Originally Posted by Bonysplicer
My understanding is that "oxidation flavors" are caused by excess dissolved o2. From this it would seem prudent to drive off excess dissolved oxygen as quickly as possible, prehaps through agitation in an oxygen defficient environment.
Your statement shows a lack of understanding of the brewing process.
Oxidation flavors are indeed caused by excess dissolved oxygen. However, the prime source for oxidation off-flavors hasn't anything to do with fermentation. It has to do with the mash.
There is a phenomenon called hot side aeration
which sets up the precursors for in-package staling and development of off-flavors that evoke wet cardboard or paper. Hot side aeration (HSA) is caused when sweet wort pics up too much oxygen, usually through excessive agitation.
Before you go all wobbly about HSA affecting your beer, though, take my advice and stop worrying about it. HSA is of concern to large beer factories, where they're pumping wort at hundreds of gallons per minute. In order to induce HSA-derived flavor precursors in your wort, you'd have to pump it through a garden hose at a high rate of speed and shoot it into your kettle.
That said, you can pick up off-flavors from air post-ferment, but it's not from the introduction of oxygen. It's through the introduction of non-S. cerevisae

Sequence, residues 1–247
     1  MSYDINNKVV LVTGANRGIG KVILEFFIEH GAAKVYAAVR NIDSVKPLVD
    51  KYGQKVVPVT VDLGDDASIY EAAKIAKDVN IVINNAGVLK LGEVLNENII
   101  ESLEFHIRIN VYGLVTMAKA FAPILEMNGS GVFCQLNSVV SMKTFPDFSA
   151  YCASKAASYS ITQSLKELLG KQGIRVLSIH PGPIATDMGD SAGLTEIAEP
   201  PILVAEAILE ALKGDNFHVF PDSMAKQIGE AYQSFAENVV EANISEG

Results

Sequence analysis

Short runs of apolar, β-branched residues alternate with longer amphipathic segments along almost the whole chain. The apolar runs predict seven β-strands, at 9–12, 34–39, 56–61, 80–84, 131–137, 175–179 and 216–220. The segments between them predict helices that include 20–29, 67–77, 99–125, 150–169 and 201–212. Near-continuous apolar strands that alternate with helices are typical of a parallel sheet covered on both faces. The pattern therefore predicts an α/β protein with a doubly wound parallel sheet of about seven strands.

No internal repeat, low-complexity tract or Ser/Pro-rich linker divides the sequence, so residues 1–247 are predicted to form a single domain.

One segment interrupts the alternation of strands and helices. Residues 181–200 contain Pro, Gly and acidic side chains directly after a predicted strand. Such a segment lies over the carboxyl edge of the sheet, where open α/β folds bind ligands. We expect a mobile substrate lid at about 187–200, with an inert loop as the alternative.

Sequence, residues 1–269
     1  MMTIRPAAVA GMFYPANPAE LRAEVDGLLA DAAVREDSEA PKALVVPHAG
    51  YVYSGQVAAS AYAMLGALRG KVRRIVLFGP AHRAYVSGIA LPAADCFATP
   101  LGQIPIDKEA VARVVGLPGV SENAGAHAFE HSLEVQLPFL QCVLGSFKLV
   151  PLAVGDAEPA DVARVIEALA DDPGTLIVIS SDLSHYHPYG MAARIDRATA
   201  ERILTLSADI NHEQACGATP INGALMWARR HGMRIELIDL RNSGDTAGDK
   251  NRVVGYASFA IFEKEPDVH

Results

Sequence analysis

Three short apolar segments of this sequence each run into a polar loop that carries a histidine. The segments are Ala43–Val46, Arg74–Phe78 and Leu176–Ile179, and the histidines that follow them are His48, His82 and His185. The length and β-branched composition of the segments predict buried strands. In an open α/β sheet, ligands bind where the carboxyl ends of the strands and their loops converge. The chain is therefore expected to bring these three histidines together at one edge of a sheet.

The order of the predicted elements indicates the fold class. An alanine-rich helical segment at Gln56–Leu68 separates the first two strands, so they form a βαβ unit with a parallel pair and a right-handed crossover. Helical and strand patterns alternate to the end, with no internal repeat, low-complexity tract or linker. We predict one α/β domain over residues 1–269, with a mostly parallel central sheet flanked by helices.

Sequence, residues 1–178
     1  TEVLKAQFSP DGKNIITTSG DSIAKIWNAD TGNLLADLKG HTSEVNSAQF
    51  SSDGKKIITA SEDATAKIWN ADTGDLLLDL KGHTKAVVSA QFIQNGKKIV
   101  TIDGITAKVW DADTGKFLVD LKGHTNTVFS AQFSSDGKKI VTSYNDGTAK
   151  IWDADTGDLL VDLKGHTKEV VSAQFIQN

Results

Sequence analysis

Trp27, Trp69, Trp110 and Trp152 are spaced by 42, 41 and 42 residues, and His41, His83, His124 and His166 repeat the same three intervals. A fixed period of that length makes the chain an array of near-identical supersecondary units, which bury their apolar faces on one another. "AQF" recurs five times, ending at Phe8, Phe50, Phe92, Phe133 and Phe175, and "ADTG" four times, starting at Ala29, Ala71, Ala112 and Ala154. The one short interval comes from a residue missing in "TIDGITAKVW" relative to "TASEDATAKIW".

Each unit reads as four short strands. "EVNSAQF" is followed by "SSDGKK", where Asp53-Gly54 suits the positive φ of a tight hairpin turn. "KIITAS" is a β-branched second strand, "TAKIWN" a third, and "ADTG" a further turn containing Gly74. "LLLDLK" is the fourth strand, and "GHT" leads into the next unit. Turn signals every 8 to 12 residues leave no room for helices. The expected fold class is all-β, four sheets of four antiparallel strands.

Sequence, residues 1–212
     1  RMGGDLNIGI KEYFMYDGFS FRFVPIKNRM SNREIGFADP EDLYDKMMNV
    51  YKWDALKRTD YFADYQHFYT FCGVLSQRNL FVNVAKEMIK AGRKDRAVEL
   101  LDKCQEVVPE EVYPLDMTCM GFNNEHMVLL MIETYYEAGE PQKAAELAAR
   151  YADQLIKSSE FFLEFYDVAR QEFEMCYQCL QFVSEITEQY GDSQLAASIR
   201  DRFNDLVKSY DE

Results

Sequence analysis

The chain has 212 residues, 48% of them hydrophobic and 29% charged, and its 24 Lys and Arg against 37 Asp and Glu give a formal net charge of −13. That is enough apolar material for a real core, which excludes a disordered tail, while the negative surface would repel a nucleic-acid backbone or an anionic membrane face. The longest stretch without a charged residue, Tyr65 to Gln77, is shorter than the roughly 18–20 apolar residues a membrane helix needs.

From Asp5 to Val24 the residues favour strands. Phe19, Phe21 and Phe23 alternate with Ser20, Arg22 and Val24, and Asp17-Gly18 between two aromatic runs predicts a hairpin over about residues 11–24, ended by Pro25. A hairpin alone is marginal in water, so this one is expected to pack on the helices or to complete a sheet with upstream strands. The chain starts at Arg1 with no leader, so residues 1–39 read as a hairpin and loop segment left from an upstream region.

microorganisms - in other words, contamination. The same flavors associated with HSA can also come from contamination.
I mean to say, how many production breweries still use open fermentation? If ever there was a situation where green-beer oxidation would be virtually guaranteed, it's then. It doesn't happen, because it happens on the other end of the brewhouse. Contamination is also unlikely, provided an open ferment is conducted properly, because infecting microorganisms cannot withstand the environment of high krauesen.
Agitation can be beneficial, however. Yeast strains which are excessively flocculent - Ringwood springs to mind - often need to be roused periodically during the ferment, in order to maintain contact with the wort. Whether it's twice-daily stirring with a sanitized implement or constant agitation with a sanitized submersible pump - I've done both - extremely flocculent strains sometimes need the physical assist. I have to note I've never experienced staling precursors developing with those methods.
It is good to keep beer away from air
after bitter-wort aeration and the onset of the ferment. But it's for different reasons than the development of flavor precursors of oxidation. The moral of the story is "stop worrying about it".
Oh, and about de-gassing: Vintners de-gas their product because it's intended to be still; I for one don't like fizzy Sauvignon, and I'm sure you don't either. Brewers intend their product to be quick (carbonated); a good conditioning regime will take into consideration the amount of dissolved CO2 in the green beer before conditioning and add a proportionate amount of priming solution to reach a targeted volume. Thus de-gassing is a waste of time.
Plus it adds to global warming.